Monday, November 23, 2009

What Makes A Great Mystery

Before becoming a mystery/suspense author, I was and still am an avid mystery/suspense reader. Perhaps I'm just a detective at heart. I love following the subtle clues, fleshing out the characters underlying personalities and guessing--and then waiting until that last page and finding out if I was actually a good detective, or because of my bungles the killer would have gone free.

A good mystery needs a good plot, and possibly several sub-plots to keep the reader guessing. So if you're starting a mystery today, consider the following:

1) A believable protagonist. Every believable protagonist makes mistakes. They don't walk from point a to point b and capture the killer. They struggle, both with the clues themselves as well as their own inner struggles which make you like them or love them and want to follow them all the way to the end.

2) A really intelligent bad guy. Criminals are not stupid. In fact, many are brilliant. Your bad guy must be able to lead your main character on a chase--which of course should have a good ending, the killer punished by being caught or well. . . .

3) Clues. Readers are not stupid either. And we love to follow clues. Figure out the answers and use our own imagination. So leave plenty of clues to allow your reader to make an educated guess, and follow you to the end--just to see if they're right.

4) Reality in place and time. Research your period. Not just the architecture, but the language, the dress. Mini skirts weren't prevalent in the 1920's. At least not on the street. A mistake in time and place can stop a reader dead cold and make them wonder what you were thinking, or what the heck did they just read.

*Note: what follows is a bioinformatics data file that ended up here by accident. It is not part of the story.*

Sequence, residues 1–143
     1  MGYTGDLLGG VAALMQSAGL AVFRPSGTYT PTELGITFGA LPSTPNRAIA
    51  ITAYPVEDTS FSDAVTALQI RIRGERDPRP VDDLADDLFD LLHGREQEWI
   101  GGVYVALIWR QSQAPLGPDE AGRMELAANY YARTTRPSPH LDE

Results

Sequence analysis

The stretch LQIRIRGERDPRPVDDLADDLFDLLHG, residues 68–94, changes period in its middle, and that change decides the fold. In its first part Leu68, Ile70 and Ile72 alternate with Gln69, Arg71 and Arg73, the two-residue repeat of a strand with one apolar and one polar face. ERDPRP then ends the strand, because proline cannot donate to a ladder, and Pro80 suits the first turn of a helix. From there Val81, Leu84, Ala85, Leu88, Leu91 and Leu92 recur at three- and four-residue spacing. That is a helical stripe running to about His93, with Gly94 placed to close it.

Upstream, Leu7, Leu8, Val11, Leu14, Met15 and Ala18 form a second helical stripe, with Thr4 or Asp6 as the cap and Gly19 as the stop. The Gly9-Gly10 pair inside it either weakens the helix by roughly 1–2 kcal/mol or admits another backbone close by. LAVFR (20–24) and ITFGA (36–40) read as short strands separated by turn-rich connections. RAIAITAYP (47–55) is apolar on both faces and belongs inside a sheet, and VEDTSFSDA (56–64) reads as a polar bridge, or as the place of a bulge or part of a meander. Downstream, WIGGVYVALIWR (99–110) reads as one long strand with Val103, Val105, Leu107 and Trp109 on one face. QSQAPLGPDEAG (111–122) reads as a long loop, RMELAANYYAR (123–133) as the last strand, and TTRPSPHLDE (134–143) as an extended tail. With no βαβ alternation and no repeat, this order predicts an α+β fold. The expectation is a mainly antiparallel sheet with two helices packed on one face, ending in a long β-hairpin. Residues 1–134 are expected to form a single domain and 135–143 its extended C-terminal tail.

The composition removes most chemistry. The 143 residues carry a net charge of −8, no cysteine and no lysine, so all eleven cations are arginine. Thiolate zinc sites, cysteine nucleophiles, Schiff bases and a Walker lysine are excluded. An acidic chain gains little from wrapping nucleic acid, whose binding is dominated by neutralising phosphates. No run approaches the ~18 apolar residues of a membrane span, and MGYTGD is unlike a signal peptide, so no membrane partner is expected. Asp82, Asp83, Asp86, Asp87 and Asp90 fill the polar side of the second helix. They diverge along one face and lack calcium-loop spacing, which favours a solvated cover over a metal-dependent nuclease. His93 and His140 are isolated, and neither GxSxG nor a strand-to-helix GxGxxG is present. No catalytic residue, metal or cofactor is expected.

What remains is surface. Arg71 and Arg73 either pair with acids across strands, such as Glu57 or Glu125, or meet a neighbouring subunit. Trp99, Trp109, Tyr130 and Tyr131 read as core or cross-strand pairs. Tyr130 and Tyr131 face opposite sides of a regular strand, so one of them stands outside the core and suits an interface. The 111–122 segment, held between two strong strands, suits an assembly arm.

Should a mystery have a sequel? Sometimes yes, sometimes no. It truly depends on your character and your readers. After writing The Gifts, many of my readers wanted to know more. More about Jacody. What caused the split between him and Gavin. Loved or hated, they wanted more. So I didn't write a sequel. I wrote a prequil. The story behind the story. I sort of did a Star Wars. Wasn't my original intention, but I wanted to give my readers what they wanted.

Sacred Secrets was a character driven novel all the way for me. To be honest--I guessed, but I truly didn't know 100% for sure who was the bad guy--until the last three chapters. Was I surprised? Yeah, I sat back in my chair and looked at Coby and said, "Geeze, I would never have guessed that."

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